French police accused of falsifying migrants’ documents so they can send them back to Italy
Italian humanitarian organisations have accused French police of falsifying the ages of teenage migrants so they can send them back across the border between the two countries.
Seven charities, including Oxfam Italy and the Catholic organisation Caritas, claim that in recent weeks French officers deliberately altered birth dates on documents to make it appear that the young migrants were older than 18.
The alleged tactic circumvents international rules that say that under-18 year olds must be given protection and allowed to cross borders to reunite with family members.
The rule for adults, by contrast, is that they must apply for asylum and remain in the first EU country they reach – which in the vast majority of cases means Italy, Spain or Greece.
The falsification of documents allegedly took place near the Italian town of Ventimiglia, on the border between the French and Italian Rivieras, where tens of thousands of migrants and refugees, many of them unaccompanied minors, have tried to cross in recent years.
“The French police falsify the documents of minors who try to cross from Italy into France,” said Daniela Zitarosa, from the charity Intersos.
“We have the proof – many dates of birth were modified in official documents. Unfortunately this has become routine.
“French officials take no account of what the minors tell them and write fake birth dates on refusal-of-entry documents, sending them back as if they were adults.”
In one alleged case, an Eritrean teenager, whose identity document showed he was born on October 1, 2001, making him 17, had his papers changed by the police so that his birth date was recorded as January 1, 2000, making him 18.
The charities claimed that the French authorities started falsifying migrants’ papers after January 22, when a court in Nice issued an order confirming that it was against international law to send minors back to Italy.
“Since then, the French police have adopted the practice of systematically identifying minors stopped at the frontier as adults,” the organisations said.
They sent letters of protest to the Italian interior and foreign ministers as well as the European Commission.
The charities called on the Italian government to “take all the measures necessary so that the French authorities cease the unlawful rejection of unaccompanied minors.”
In February, a court in Nice ruled that a police decision to return 20 unaccompanied minors to Italy was illegal.
Georges-François Leclerc, the state prefect of the Alpes-Maritimes department, had argued that it was legal to return the minors from Darfur, Egypt and Eritrea, on the grounds that they "only have the right to any particular assistance if they are in distress or already in France, but they were detected at a border post."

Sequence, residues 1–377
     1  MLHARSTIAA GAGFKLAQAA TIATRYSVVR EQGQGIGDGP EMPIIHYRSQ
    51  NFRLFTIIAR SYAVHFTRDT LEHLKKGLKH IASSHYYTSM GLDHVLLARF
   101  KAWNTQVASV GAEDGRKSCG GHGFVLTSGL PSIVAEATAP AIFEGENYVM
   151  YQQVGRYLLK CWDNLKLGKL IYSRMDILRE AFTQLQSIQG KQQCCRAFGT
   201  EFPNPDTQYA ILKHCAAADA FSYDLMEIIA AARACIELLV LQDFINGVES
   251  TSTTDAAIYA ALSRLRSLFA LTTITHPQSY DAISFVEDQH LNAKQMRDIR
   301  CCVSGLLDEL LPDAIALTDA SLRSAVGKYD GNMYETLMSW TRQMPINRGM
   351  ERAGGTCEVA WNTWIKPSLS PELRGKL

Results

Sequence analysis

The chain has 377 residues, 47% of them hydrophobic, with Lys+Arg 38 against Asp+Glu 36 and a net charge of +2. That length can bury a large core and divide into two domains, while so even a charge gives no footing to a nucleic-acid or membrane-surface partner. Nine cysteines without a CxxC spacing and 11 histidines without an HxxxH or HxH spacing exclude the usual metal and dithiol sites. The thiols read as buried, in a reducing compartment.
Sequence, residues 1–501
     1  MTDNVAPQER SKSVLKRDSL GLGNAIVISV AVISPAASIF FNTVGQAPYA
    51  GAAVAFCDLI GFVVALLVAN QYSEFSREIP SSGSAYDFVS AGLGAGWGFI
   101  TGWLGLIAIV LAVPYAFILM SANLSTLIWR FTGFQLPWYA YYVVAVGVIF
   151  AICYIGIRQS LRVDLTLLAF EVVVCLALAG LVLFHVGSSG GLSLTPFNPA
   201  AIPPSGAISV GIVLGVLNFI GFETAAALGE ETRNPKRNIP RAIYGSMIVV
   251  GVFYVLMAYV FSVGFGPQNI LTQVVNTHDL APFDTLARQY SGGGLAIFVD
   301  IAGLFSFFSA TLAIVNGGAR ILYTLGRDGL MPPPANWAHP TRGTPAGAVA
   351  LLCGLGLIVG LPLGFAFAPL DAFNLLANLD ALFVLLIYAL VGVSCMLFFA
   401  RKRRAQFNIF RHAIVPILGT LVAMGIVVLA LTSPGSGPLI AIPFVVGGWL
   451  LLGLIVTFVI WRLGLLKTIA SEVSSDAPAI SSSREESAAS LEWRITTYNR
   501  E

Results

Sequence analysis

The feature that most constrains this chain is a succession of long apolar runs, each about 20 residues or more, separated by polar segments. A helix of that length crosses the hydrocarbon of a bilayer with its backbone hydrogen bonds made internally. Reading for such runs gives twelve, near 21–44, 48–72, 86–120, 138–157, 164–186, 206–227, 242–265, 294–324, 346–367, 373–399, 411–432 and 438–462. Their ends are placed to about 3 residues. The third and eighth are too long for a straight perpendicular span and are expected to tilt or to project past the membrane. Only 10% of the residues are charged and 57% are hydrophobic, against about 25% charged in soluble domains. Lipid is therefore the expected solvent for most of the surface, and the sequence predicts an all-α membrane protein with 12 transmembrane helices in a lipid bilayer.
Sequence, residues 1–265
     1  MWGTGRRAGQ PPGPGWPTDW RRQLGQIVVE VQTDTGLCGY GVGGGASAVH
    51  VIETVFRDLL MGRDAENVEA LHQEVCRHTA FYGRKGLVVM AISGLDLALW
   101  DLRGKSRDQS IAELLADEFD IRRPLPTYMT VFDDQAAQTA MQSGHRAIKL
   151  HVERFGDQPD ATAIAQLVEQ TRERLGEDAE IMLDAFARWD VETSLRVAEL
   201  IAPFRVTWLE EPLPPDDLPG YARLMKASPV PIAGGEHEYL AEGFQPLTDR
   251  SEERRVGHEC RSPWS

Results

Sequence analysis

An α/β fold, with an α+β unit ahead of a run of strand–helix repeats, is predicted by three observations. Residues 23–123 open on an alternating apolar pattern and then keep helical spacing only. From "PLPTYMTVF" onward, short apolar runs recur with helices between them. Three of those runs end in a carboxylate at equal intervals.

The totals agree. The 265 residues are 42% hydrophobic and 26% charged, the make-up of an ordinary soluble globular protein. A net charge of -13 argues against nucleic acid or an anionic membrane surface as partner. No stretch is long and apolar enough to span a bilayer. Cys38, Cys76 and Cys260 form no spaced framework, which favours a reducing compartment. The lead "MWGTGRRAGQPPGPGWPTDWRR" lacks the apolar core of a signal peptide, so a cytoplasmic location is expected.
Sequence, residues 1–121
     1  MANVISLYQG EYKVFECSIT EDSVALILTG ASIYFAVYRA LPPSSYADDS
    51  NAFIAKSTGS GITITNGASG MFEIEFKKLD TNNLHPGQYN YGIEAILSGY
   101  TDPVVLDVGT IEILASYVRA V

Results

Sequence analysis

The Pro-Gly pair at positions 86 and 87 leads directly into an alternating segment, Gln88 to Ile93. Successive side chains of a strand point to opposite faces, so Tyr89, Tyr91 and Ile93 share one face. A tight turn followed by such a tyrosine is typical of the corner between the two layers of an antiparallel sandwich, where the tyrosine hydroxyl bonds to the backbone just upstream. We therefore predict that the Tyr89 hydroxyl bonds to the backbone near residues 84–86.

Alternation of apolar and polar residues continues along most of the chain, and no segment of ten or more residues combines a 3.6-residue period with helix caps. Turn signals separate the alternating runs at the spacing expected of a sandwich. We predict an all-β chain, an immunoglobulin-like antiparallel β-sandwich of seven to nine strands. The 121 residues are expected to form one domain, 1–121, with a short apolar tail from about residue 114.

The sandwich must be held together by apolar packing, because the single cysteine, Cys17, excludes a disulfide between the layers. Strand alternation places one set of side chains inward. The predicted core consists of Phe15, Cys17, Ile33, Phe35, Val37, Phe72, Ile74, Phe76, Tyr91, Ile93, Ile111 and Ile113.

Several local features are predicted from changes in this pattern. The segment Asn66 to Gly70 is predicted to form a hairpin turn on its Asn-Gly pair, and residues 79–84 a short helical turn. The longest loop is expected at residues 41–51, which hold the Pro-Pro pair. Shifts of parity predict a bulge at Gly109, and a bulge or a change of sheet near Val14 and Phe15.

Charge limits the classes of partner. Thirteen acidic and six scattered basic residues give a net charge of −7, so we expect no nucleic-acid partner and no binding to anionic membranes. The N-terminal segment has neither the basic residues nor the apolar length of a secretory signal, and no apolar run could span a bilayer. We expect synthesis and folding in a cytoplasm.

Following the ruling, Mireille Damiano, a lawyer for migrant aid groups who filed the initial complaint, said: "It has been recognised that what they said was true, that putting minors back over the border was unlawful. "Yet instructions could have been given so that the minors were treated with respect to the law."
The accusations are likely to antagonise already fraught relations between Rome and Paris over migrants and refugees.
Last month there was anger in Italy after French customs officers entered a migrant clinic about half a mile into Italian territory and forced a Nigerian man to undergo a urine test on suspicion of carrying drugs.
The test produced a negative result.
Rainbow for Africa, the NGO that runs the clinic, said the French border agents “intimidated” its medics and staff when they entered the clinic in Bardonecchia, a village and ski resort high in the Alps.
It is on a route used by some migrants who try to cross into France via high Alpine passes, despite the dangers of frostbite and exposure.
The French government insisted its officers had followed procedure and were granted permission to enter the clinic.
But the incident resulted in the French ambassador to Rome being called into the Italian foreign ministry to give an explanation.
More than 600,000 migrants and refugees have reached Italy from the coast of North Africa in the last four years, with migration becoming a key issue in last month’s general election.
Many have found themselves stranded as neighbouring countries such as France, Austria and Switzerland have tightened border controls.
The number of migrants reaching Italy in boats and rubber dinghies from Libya has dropped dramatically since last summer, when Rome did a controversial deal with the Libyans to stop vessels setting out.
EU-funded training of the Libyan coast guard has also stemmed the flow, although humanitarian organisations accuse the coast guard of heavy-handed behaviour and say migrants face beatings, torture and rape when they are sent back to detention centres in Libya.
So far this year, nearly 7,000 asylum seekers have reached Italy and 5,700 made it to Greece.
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